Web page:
The origins of tax systems: A french-american comparison

Kimberly J. Morgan, Monica Prasad*

*Corresponding author for this work

Research output: Contribution to journalArticle

42 Scopus citations

Abstract

This article examines the origins of tax systems. Through a historical comparison of France and the United States, and analysis of several shadow cases, the article explains why the United States has relied more heavily on progressive income taxation than France, which has favored regressive sales taxes. This study traces the origins of these two tax systems to the early 20th century, arguing that decisions about tax structure were shaped by resistance to the concentration of economic power in the United States and the centralization of state power in France. In the United States, the rapid concentration of economic power in the late 19th century spurred a political movement for a tax with clear redistributive purposes. In France, resistance to the centralization of state power and concomitant fears of "fiscal inquisition" weakened the drive for an effective income tax, leaving the state to rely on consumption taxes to meet its revenue needs. These 19th-century movements of resistance to modernization shaped the foundations of contemporary political economy.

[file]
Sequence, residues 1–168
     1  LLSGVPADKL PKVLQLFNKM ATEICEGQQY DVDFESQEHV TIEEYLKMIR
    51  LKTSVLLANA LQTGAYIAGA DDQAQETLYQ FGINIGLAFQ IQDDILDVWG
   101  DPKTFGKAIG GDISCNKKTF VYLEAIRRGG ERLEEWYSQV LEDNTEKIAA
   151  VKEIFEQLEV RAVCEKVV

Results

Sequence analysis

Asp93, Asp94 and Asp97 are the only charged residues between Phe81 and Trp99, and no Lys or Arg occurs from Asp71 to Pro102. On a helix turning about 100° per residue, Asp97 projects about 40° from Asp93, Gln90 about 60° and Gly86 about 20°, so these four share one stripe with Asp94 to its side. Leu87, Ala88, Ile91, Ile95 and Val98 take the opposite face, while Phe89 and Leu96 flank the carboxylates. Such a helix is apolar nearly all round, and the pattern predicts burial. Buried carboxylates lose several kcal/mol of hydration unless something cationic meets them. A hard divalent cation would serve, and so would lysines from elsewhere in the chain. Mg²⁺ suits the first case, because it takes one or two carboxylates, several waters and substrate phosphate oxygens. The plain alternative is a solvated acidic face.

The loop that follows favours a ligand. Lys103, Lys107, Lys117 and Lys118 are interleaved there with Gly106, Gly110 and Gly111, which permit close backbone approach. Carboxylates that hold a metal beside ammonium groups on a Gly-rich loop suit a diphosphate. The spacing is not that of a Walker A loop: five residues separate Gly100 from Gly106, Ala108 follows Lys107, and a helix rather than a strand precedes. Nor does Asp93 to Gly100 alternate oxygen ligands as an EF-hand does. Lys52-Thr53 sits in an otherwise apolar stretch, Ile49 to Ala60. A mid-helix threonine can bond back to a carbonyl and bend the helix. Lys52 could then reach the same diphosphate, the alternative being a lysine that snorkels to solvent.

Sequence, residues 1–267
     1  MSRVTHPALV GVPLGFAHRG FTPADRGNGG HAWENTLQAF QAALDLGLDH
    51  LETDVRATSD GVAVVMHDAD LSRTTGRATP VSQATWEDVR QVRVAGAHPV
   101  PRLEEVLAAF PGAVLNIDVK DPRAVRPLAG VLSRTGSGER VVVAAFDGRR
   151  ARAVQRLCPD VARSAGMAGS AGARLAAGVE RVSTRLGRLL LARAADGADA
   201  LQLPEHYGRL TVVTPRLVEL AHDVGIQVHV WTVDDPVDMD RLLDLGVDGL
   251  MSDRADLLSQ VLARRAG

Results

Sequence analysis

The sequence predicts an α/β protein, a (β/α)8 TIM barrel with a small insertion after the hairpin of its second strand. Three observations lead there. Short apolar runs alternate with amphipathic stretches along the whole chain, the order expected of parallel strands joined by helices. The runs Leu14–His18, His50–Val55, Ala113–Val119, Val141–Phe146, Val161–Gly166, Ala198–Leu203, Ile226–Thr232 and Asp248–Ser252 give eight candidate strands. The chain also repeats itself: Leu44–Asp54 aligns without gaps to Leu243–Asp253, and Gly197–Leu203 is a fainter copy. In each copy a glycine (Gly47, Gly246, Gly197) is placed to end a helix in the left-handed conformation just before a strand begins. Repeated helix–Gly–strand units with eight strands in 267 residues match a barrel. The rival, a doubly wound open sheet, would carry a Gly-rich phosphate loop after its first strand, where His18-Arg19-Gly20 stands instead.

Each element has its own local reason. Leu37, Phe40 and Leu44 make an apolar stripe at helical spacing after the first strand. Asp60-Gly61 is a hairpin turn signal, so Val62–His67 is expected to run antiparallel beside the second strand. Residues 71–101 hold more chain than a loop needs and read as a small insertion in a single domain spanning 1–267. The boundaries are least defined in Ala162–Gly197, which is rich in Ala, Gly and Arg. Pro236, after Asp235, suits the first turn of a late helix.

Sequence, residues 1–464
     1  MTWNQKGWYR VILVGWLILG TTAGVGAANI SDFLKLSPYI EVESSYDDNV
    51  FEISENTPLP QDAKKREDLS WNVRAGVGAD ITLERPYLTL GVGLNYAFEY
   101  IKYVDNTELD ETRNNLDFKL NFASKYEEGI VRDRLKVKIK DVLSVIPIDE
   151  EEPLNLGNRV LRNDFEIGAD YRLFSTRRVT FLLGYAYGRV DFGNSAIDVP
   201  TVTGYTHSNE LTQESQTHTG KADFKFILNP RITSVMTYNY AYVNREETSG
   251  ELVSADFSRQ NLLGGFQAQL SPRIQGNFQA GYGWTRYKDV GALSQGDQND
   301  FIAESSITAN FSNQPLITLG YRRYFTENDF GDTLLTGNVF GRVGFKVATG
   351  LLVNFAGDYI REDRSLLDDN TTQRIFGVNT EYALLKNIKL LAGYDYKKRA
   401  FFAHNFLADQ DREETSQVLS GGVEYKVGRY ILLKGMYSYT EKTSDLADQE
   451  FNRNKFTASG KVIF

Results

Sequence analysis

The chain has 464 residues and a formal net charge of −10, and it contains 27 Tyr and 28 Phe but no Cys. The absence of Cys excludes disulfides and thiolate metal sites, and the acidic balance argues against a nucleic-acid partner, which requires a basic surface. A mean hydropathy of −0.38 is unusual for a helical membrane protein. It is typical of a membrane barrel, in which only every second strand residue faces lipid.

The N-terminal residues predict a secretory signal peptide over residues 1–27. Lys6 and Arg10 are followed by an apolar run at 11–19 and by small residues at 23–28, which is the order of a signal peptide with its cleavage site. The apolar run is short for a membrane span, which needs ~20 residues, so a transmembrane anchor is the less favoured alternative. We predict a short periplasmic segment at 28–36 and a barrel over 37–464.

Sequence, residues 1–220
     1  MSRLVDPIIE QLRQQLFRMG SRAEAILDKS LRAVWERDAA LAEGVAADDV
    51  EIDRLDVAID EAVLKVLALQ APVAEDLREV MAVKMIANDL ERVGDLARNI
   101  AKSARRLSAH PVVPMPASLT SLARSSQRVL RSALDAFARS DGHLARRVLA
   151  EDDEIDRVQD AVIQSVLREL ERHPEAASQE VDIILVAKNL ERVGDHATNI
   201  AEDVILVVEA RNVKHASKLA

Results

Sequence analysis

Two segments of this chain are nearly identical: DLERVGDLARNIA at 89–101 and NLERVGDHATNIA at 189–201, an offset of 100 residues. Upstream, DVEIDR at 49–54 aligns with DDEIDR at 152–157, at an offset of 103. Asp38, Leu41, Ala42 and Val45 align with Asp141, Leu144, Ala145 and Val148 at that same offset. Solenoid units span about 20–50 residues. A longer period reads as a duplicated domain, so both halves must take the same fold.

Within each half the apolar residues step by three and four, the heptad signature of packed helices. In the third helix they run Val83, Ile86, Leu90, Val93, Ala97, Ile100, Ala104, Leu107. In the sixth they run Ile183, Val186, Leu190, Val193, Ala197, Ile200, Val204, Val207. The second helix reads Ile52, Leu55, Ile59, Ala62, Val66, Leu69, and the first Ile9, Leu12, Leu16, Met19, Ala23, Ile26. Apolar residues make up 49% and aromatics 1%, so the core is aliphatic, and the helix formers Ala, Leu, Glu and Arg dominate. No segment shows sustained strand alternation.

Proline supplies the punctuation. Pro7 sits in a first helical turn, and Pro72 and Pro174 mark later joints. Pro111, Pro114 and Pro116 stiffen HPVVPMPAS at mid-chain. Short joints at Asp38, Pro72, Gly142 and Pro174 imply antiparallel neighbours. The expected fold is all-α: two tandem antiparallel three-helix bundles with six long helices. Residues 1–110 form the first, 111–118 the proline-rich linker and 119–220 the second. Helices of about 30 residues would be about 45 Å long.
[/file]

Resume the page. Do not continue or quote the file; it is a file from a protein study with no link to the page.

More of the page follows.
Original languageEnglish (US)
Pages (from-to)1350-1394
Number of pages45
JournalAmerican Journal of Sociology
Volume114
Issue number5
DOIs
Publication statusPublished - Mar 1 2009

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ASJC Scopus subject areas

  • Sociology and Political Science

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